While all major sportspersons have their own set of superstitions and beliefs, idol worship and a formal aarti have almost been institutionalized in kabaddi. In no other game, would you come across the support staff and players together engaging in such a ritual.
Here, before a practice session, the Dabang Delhi players were seen offering their prayers, lighting candles and incense sticks and breaking coconut, a sign of goodwill. They then went on to chant hymns and gathered in a huddle to make it a visual spectacle for the sparse crowd present at the venue.
Beyond the court, as they acknowledged, it helps them to keep a steely resolve and maintain their focus. The team, apparently, makes it a point to follow this, even if they are practicing well before the league kicks off. When asked about its importance, assistant coach Arjun Singh emphasized that coconuts are a part of every big occasion because it is also associated with Lord Ganesha. Hence, they always break a coconut so that they can please him, the remover of all obstacles.
“We consider the mat to be our deity”
Nizampur’s Amit Singh Chillar, who seemed to be most engrossed in the ritual said, “We consider the mat (the mat on which kabaddi is played) to be our deity. Even when we are back home we follow the same rituals but when we chant the Gayatri Mantra together before our match. There is something very profound about it that fills you with determination and makes you believe in yourself.”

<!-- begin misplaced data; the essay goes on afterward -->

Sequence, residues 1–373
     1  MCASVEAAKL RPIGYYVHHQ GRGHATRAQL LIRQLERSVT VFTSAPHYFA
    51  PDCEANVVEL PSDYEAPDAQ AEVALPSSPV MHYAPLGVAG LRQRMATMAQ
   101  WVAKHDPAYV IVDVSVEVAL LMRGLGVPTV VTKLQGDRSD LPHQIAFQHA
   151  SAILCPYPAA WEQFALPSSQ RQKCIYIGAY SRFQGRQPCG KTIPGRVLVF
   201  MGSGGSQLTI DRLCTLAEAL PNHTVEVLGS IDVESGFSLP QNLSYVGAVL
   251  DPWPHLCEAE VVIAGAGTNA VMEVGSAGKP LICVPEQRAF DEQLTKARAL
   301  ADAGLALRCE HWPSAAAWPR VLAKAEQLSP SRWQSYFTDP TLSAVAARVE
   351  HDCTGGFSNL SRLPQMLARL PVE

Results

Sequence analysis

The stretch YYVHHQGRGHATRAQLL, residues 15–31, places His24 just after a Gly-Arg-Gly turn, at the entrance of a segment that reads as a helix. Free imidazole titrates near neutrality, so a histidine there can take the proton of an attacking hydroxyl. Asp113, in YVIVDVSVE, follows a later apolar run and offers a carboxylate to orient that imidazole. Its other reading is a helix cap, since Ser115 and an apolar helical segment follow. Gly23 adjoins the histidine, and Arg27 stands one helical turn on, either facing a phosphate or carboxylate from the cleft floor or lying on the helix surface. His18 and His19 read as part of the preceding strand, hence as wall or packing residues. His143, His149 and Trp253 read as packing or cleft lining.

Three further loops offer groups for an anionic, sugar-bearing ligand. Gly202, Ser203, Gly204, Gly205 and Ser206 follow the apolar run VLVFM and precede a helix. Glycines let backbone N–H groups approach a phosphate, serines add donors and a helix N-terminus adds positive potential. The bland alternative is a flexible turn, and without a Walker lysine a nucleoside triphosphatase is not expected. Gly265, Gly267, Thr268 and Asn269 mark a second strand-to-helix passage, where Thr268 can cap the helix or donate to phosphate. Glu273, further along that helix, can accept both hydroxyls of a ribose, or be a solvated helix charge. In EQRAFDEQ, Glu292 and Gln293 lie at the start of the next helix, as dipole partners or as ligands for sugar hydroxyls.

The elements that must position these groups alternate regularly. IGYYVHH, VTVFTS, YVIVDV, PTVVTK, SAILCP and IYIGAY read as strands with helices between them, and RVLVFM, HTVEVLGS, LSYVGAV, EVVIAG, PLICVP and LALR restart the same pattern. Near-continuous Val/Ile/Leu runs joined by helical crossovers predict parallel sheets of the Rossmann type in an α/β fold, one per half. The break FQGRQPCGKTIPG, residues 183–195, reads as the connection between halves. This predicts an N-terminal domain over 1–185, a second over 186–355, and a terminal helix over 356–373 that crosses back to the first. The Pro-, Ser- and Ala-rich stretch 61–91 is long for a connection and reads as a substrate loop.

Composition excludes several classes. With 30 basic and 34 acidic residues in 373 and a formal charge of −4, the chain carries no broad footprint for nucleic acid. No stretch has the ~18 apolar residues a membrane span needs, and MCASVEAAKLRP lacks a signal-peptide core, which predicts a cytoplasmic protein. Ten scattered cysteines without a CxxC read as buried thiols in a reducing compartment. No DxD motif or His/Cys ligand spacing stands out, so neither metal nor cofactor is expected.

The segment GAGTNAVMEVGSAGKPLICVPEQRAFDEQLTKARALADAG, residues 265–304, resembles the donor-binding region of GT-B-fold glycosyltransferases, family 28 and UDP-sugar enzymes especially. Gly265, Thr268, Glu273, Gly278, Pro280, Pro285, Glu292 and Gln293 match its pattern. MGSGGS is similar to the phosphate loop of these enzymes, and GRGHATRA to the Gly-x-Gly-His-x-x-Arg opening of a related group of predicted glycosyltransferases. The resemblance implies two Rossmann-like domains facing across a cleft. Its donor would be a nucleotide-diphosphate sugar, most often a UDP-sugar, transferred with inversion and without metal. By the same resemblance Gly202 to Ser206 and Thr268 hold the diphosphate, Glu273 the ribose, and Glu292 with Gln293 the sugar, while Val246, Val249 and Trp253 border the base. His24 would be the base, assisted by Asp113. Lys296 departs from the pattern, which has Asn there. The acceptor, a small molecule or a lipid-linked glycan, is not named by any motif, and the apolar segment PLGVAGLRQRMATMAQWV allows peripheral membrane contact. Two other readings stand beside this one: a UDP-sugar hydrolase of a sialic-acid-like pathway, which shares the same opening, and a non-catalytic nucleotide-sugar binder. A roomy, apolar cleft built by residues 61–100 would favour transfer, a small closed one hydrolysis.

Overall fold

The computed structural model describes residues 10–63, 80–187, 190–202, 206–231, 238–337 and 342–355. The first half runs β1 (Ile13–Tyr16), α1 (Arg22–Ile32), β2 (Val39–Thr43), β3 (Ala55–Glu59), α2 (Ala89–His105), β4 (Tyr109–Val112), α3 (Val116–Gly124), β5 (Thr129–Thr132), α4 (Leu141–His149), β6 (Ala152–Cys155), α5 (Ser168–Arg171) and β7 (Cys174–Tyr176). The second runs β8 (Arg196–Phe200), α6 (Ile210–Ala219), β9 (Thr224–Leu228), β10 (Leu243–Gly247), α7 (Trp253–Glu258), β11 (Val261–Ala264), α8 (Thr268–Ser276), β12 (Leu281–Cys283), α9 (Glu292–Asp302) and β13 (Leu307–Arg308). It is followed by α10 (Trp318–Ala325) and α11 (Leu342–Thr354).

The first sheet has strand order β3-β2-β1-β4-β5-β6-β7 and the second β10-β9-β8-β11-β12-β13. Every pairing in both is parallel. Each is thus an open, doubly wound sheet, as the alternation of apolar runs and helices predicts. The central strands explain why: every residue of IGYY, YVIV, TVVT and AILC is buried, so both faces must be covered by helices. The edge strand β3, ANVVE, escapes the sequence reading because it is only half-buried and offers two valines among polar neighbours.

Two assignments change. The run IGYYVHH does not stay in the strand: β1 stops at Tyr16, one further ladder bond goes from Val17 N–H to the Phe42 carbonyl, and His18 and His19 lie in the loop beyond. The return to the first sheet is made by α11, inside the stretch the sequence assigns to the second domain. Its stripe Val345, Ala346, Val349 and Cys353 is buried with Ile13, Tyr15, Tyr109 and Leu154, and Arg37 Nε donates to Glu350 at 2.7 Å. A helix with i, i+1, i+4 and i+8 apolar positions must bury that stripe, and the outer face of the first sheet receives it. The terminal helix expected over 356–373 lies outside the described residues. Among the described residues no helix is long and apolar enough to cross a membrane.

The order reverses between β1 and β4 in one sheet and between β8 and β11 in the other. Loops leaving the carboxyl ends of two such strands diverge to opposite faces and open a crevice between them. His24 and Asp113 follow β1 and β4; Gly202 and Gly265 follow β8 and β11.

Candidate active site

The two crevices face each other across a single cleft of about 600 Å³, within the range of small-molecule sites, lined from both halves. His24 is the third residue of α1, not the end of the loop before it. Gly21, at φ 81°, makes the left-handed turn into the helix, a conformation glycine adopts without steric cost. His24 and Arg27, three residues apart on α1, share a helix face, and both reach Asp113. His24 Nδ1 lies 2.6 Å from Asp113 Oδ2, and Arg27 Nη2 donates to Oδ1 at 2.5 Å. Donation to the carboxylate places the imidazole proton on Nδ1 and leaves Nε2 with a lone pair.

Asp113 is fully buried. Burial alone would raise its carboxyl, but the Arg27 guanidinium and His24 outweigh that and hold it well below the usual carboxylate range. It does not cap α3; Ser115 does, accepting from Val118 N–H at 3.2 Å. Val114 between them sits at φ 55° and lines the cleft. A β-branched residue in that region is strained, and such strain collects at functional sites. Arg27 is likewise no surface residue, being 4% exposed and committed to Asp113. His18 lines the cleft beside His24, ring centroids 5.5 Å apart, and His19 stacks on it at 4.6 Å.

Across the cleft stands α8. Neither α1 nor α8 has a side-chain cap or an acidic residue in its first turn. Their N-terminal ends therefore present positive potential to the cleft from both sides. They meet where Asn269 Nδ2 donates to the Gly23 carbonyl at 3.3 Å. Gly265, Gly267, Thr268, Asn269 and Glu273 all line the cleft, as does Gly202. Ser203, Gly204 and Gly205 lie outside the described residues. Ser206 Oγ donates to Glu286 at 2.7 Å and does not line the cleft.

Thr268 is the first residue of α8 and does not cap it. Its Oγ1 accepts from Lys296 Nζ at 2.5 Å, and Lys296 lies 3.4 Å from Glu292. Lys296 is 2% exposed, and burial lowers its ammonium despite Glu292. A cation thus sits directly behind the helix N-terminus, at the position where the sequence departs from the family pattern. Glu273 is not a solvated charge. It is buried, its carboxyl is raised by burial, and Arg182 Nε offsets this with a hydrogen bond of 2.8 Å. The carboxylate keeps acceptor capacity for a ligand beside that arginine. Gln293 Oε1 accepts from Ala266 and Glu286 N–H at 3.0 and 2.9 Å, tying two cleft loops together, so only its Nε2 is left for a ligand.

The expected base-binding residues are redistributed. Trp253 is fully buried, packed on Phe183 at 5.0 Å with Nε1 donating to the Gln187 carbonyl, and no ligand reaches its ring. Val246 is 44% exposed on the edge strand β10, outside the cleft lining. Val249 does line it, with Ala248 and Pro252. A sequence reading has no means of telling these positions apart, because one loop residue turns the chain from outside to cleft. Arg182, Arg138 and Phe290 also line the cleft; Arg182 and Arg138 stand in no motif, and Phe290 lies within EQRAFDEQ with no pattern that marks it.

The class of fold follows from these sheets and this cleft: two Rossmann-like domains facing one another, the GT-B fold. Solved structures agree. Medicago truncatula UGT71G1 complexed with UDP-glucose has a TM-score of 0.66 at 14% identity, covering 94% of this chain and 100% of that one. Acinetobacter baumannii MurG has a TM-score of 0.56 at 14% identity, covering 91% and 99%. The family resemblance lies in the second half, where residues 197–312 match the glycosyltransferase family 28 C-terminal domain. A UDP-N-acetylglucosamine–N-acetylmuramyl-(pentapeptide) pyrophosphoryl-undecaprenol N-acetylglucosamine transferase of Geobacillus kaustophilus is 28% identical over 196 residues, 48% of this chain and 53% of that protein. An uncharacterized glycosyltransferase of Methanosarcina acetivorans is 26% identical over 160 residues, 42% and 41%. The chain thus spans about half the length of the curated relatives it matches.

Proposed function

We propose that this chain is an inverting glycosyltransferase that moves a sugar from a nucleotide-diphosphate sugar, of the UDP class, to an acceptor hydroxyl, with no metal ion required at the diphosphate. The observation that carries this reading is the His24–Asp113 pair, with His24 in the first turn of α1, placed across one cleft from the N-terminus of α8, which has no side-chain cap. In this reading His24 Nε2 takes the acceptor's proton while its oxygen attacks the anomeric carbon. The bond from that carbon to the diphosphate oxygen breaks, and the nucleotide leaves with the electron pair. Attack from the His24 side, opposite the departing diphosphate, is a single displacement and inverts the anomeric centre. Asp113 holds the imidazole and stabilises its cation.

It is a delight to watch the team on Tuesdays, asserted the PR team who see them ply their trade day in and day out. Before they start their practice they assemble in front of the mat and worship Lord Hanuman. The team contributes as much money they can and sweets are specially bought which are first offered to God and then distributed amongst the rest.
Just like the city, the franchisee is a mix of diverse cultures, with players coming from different cultures, worshiping different deities but that seems to be hardly a deterrent. Interestingly, I was told, the foreign players, even though do not understand the language, pray along with the rest of the team. The locals have helped them understand the symbolism of such rituals and the sensitivity it holds. They are happy to be a part of the process and participate with equal zest.
Thus, it goes without saying that if ever there was a need for the gods to intervene during the league, the Dabangs have ensured they will be best served!Published 16 Jul 2015, 19:29 IST